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The Inkey List

Tranexamic Acid Night Treatment

1.00 fl. oz. for $ 14.99
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Brand Overview

The Inkey List’s Tranexamic Acid Night Treatment is on to something. Recent research shows tranexamic acid has the ability to interrupt pathways in skin that lead to discolorations. In this formula you’re getting it alongside vitamin C (ascorbyl glucoside), for a multifaceted approach to fading dark spots and brightening dull skin.

As per usual for The Inkey List, Tranexamic Acid Night Treatment comes in an opaque, pump bottle that helps keep the formula stable. The product dispenses as a jelly-like texture that thins out and spreads smoothly across skin, absorbing quickly. It feels slightly tacky at first, but that sensation dissipates quickly, leaving an imperceptible finish that works for all skin types.

According to The Inkey List, you’re getting 2% tranexamic acid. That concentration is backed by research for its ability to fade hyperpigmentation and even out skin tone. The Inkey List also included 2% vitamin C in this fragrance-free formula to helps boost the treatment’s ability to brighten skin. Rounding things out, skin is treated to a healthy dose of acai berry extract (Euterpe oleracea Fruit Extract), which is a potent antioxidant.

You have to be consistent with use—results for tranexamic acid typically show after two to three months—but it’s worth the wait, especially if you haven’t had good luck with other discoloration-correcting products. Don’t forget broad-spectrum sunscreen daily to ensure maximum improvement.

Pros:
  • Concentration of tranexamic acid is likely to fade discolorations.
  • Vitamin C and acai boost the skin-brightening and antioxidant benefits.
  • Fragrance-free formula, suitable for all skin types.
  • Budget-friendly price.
Cons:
  • None.
Jar Packaging: No
Tested on animals: No

A concentrated overnight treatment of two percent tranexamic acid to specifically target dark spots. Also formulated with two percent vitamin C and acai berry extract which helps to promote improved skin tone and brightness. Apply a thin layer as one of your last steps to aid in the visibly reduction of hyperpigmentation.

Water, Butylene Glycol, Glycerin, Ascorbyl Glucoside, Tranexamic Acid, Euterpe Oleracea Fruit Extract, 1-Methylhydanto-in-2-Imide, Sodium Acrylates Copolymer, Phenoxyethanol, Carbomer, Sodium Hydroxide, Cetearyl Olivate, Benzyl Alcohol, Sorbitan Olivate, Hydroxyethyl Acrylate/Sodium Acryloyldimethyl Taurate Copolymer, Lecithin, Squalane, Ethylhexylglycerin, Sodium Gluconate, Polysorbate 60, Dehydroacetic Acid, Lactobacillus Ferment, Sorbitan Isostearate.

The Inkey List is the creation of Colette Newberry and Mark Curry, respectively the former branding and product developers of the widespread UK-based drugstore chain Boots, which has its own namesake skin care line. As with a number of up-and-coming “indie” brands, the media coverage centers on their inexpensive products with minimalist formulas that tend to focus on a single star ingredient, such as hyaluronic acid, squalane, or retinol.

If you’re wondering about the inspiration for the name, it’s the pronunciation of the acronym “INCI,” which stands for the International Nomenclature of Cosmetic Ingredients, an agreed-upon, regulated list of how cosmetics ingredients should be identified on product labels. Each product has its chief ingredient listed on the packaging with dictionary-style writing underneath showing how the name is phoneticized, a clever and slightly erudite touch.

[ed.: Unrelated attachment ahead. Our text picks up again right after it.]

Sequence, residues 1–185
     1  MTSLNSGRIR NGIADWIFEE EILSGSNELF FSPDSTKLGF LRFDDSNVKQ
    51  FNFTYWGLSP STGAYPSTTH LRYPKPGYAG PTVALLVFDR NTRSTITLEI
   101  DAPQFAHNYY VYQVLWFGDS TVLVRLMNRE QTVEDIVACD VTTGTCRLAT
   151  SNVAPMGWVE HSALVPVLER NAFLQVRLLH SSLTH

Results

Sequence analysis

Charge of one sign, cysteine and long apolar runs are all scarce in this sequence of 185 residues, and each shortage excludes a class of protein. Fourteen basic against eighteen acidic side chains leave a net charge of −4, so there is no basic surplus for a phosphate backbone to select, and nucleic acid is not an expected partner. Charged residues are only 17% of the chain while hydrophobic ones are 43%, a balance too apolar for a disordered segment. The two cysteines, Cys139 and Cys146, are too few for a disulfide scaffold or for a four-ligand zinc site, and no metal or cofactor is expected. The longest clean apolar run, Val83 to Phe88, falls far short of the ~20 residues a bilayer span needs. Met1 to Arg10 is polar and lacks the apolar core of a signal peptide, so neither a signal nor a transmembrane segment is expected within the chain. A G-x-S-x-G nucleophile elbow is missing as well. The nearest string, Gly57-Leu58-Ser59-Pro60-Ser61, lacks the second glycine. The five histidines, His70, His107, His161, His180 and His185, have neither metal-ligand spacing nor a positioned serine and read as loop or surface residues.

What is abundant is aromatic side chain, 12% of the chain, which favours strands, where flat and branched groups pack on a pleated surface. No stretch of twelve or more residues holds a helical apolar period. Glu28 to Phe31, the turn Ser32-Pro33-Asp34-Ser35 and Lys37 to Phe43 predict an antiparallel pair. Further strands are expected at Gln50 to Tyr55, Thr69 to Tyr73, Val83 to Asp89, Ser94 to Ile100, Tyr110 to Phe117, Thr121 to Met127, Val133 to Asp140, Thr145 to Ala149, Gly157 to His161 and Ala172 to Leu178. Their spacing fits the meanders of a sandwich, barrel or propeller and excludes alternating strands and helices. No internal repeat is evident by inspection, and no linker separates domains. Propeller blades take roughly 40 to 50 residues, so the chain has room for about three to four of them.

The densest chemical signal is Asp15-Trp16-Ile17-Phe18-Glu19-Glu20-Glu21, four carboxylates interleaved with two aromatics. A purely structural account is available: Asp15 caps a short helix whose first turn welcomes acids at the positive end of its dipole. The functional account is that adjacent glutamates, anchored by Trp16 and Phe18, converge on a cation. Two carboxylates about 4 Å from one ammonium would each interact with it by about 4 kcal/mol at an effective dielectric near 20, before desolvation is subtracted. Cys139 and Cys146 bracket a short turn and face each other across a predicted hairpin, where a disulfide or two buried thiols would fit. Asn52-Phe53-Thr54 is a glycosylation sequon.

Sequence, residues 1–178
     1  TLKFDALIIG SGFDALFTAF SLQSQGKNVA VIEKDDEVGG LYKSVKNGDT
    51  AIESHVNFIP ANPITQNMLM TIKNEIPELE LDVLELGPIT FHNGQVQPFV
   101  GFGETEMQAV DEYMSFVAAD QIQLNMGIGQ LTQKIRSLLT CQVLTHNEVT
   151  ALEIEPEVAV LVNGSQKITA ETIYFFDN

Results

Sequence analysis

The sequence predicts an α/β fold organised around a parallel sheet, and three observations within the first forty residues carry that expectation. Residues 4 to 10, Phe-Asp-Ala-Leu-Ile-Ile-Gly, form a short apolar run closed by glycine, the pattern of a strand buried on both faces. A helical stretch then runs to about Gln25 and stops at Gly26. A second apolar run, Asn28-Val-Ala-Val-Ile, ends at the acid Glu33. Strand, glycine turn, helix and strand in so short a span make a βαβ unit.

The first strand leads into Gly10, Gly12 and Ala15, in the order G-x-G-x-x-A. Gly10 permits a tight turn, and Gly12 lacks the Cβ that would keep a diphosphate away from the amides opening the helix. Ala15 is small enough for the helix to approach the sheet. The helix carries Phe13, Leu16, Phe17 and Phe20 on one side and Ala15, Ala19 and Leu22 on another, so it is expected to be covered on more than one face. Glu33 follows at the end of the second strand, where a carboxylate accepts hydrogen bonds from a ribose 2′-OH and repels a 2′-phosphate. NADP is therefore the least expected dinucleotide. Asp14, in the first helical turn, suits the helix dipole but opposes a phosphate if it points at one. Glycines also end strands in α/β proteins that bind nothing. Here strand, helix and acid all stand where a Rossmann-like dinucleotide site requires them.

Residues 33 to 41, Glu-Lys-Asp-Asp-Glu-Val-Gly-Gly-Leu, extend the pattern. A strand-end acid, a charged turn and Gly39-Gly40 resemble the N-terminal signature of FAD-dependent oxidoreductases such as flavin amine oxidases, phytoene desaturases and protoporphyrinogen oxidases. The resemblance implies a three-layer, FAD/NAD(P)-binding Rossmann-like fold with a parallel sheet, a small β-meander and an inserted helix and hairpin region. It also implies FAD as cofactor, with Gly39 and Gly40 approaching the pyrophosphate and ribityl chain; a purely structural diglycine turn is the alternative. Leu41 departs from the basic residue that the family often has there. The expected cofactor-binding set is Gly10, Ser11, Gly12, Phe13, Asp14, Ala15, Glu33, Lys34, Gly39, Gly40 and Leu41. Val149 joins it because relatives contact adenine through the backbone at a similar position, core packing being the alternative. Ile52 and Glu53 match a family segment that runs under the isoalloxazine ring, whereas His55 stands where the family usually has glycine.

Though the formulas are somewhat basic, The Inkey List gets its packaging spot-on – all products are in opaque containers, with no jars or clear containers to be found. Fragrance isn’t on this brand’s radar, either--at least not in terms of adding it to their products (which will make your skin very happy).

We’d like to see more complex formulas, but then again such formulas cost more to make, and The Inkey List is mostly a bargain brand. We wrote “mostly” because in some cases, on an ounce-per-ounce basis, The Inkey List costs just as much as some other brands offering the same type of products (like leave-on exfoliants) in larger sizes.

Even with the predominantly one-note ingredient theme, the brand typically includes beneficial ingredients in efficacious amounts and skips irritants, with the exception of a couple a products that contain witch hazel water and drying denatured alcohol.

That aside, the brand offers a good selection of effective products, something we’re always glad to see. The Inkey List is sold exclusively in the U.S. at Sephora; you can learn more about the brand here: https://www.sephora.com/brand/the-inkey-list.

About the Experts

The Beautypedia team consists of skin care and makeup experts personally trained by the original Cosmetics Cop and best-selling beauty author, Paula Begoun. We’re fascinated by skin care and makeup products and thrilled when they meet or exceed our expectations, but we’re also disappointed when they fail to perform as claimed, are wildly overpriced, or contain ingredients scientific research has proven can hurt skin.

Our mission has always been to help you find the best products for your skin, no matter your budget or preferences. Beautypedia’s thorough and insightful reviews cut through the hype and provide reliable recommendations for all ages, skin types, and skin tones.

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